Date: 23 March 2019

New nuclear power technology for Romania

Talks on the possible future construction of a new nuclear power plant have recently been initiated in Romania. This time, however, they are not focused on building a huge nuclear power plant, such as the one already existing in the town of Cernavodă, but rather about the possible implementation of modern modular reactors.


The negotiations are currently underway between the Romanian state-owned energy company Societatea Națională Nuclearelectrica (SNN) and the U.S. company NuScale Power. SNN is the operator of the only nuclear power plant in Romania, which is located in Cernavodă in the south of the country. NuScale, in turn, wants to spread its innovative technology. At first, however, both parties intend to assess the possibility of implementing the proposed solution. If the talks prove to be successful, a new type of small reactors may be built in the future.

Such a solution is said to complete Romania’s energy mix in the future. At present, less than 20% of energy comes from the Cernavodă nuclear power plant, which, as a matter of fact, has been operating for two decades now. In Cernavodă, nuclear power is generated by CANDU (short for Canadian Deuterium Uranium) reactors, which are a type of pressurised reactors that require heavy water to operate. There are currently two reactors that generate 650 MW of energy. The work on the implementation of two more units has been going on for several years now.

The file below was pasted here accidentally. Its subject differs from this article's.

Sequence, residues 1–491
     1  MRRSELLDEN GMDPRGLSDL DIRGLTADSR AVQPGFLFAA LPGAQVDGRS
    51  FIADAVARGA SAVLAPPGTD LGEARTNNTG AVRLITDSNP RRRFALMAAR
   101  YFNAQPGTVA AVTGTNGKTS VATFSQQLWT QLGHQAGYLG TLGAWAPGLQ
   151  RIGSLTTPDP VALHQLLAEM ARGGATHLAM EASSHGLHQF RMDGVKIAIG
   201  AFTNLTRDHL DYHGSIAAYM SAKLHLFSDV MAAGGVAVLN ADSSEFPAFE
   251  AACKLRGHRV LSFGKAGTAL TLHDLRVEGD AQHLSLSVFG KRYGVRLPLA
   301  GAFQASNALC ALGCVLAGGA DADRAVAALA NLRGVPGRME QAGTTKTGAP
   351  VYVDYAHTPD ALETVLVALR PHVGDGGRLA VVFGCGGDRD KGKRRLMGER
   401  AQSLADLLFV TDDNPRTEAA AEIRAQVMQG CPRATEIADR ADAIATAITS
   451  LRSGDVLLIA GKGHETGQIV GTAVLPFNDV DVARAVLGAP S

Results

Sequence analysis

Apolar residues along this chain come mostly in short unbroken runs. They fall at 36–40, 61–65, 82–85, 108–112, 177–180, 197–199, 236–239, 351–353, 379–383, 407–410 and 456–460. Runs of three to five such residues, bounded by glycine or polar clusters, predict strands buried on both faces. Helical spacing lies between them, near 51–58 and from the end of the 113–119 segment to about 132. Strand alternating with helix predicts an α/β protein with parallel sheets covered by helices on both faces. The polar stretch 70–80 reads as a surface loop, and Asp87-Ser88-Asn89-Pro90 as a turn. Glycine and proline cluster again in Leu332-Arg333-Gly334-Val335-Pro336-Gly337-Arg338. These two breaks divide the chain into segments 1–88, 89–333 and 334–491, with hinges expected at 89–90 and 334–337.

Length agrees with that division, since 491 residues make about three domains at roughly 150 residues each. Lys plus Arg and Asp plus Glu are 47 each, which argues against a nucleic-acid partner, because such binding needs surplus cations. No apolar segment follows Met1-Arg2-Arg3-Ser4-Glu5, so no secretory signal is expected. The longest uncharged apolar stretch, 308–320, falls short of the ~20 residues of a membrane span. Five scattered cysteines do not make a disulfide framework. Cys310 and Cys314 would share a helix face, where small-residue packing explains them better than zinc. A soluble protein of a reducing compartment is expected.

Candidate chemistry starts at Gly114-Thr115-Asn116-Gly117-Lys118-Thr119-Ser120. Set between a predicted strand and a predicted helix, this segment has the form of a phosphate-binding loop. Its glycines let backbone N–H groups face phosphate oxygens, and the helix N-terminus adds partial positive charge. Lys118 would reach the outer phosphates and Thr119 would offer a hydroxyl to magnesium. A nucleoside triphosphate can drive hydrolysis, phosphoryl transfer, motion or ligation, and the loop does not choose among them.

Meanwhile, the technology offered by NuScale is based on the so-called SMR (Small Modular Reactor), which is a small light-water reactor manufactured at a plant. It is supposed to be affordable and safe. A single unit is capable of producing 60 MW of energy, which, at first glance, does not seem to be very impressive. However, the modular design allows the assembly of a greater number of small reactors as needed, which means that a nuclear power plant is able to accommodate up to 12 units. The Romanian side has already expressed its enthusiasm for the initial stage of the talks: “As the only nuclear power producer in Romania, we see great potential in SMR reactors due to their provision of clean, safe and affordable power. We are looking forward to cooperating with NuScale to see if their ground-breaking technology can be beneficial to our customers and satisfy Romania’s energy needs,” Cosmin Ghiță, the CEO of Nuclearelectrica, said.

The U.S. Secretary of Energy Rick Perry has also participated in the talks. He admitted that the U.S. Department of Energy is working on the implementation of the above-mentioned type of nuclear reactor. The reactor developed by NuScale is currently undergoing the process of certification by the U.S. Nuclear Regulatory Commission. The process is due to end by 2020. Simultaneously to the talks initiated in Romania, the USA is holding similar talks in Canada and Jordan.

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